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Would cutting off mics fix the presidential debates?

There were a number of calls to give moderators more control during last night's rancorous first debate between President Trump and Joe Biden.

ATLANTA — After a first presidential debate that was most noteworthy for descriptions like "chaotic," America finds itself with a strange quandary: How to get two adults to speak one turn at a time.

The debate was marked by President Trump's frequent interjections, often rhetorically overwhelming former Vice President Joe Biden, to the point where he snapped, in an unpolished moment that will probably serve as the lasting image from this very unpolished debate: “Will you shut up, man?”  

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Chris Wallace of Fox News, in the unenviable position of moderator, was both critiqued from the left for being unable to reign in Trump, and from the right for sometimes trying so hard to reign him in it seemed like he was the one debating the president.

One simple idea seemed to catch on as the debate descended into a messy spectacle: Turn off the mic if someone just won't stop talking.

"Wallace needed, at the very least, a mute button. Maybe something stronger. A penalty box? A stun gun?" Washington Post media columnist Margaret Sullivan wrote. "Failing some radical reform in the debate format, there’s no reason for the next two debates to take place as scheduled on Oct. 15 and 22."

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The organization in charge of instituting such radical reform is the Commission on President Debates, and it's not clear if they'd actually considering doing something like that.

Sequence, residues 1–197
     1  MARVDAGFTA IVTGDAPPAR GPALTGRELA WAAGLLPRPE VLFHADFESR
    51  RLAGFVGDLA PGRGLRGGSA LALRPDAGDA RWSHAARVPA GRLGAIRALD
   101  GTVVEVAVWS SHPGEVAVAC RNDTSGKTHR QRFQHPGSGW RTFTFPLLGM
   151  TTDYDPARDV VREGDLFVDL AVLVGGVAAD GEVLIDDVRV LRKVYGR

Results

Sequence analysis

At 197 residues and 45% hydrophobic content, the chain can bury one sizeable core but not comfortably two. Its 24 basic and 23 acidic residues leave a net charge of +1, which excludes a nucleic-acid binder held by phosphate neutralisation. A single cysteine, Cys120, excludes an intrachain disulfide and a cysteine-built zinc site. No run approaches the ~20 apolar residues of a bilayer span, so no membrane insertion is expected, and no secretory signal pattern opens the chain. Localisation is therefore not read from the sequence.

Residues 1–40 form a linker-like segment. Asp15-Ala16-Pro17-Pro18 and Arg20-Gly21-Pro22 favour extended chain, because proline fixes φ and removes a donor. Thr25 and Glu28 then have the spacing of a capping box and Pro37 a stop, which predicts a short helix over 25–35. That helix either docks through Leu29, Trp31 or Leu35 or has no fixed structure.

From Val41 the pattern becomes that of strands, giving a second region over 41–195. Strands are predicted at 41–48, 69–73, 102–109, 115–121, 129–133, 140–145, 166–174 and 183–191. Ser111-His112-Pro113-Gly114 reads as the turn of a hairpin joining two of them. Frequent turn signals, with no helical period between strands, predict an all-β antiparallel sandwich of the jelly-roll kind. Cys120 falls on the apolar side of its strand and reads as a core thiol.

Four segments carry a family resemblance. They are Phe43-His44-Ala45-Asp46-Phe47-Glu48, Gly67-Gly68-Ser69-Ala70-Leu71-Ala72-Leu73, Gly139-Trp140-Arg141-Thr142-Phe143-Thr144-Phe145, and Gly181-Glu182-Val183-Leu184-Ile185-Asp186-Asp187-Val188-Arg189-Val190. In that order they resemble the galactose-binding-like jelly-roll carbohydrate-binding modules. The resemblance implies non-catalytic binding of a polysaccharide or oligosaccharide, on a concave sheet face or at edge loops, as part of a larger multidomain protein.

It's a tempting solution - and enjoyed seemingly bipartisan support on Tuesday night.

But would it work?

Ryan Wood at 11Alive's TEGNA sister station in Dallas, WFAA, offered a few counterpoints to the popular calls for cutting off mics:

The first point is an interesting one. Say you cut off Trump's mic - and then he just starts shouting. Then what? 

Still, it might be possible that the experience of having your mic go silent is jarring enough that it snaps someone, at least momentarily, into silence.

The second point is hard to argue - conservatives already felt Trump was disproportionately targeted with pushback by Wallace, however warranted it might have been. 

The question then becomes - does that matter? The two sides in American politics are, after all, pretty predisposed to see bias in the matter regardless.

RELATED: Trump, Biden lash out, interrupt each other throughout first presidential debate

But there's a tricky matter in there that the specific power to cut off mics does introduce, which normal cajoling (however ineffective) does not - what happens if a moderator is seen as too quick to cut mics? What if they cut mics off too much, or too little?

The same critiques about a lack of control seem like they could just as easily exist in a world where mics can be cut off. 

As for whether candidates would say cutting off mics delegitimizes the debates, that seems perhaps like a secondary concern at the moment when voters increasingly seem to see the debates as already delegitimized. 

But yes, it's worth wondering if candidates do take it as an excuse to skip debates entirely, will we lose something - imperfect though it may be - we can't necessarily get back?

One thing seems certain: If the debate commission doesn't make any changes, it doesn't seem particularly likely the next debate will go much differently - bringing us right back to this question again.

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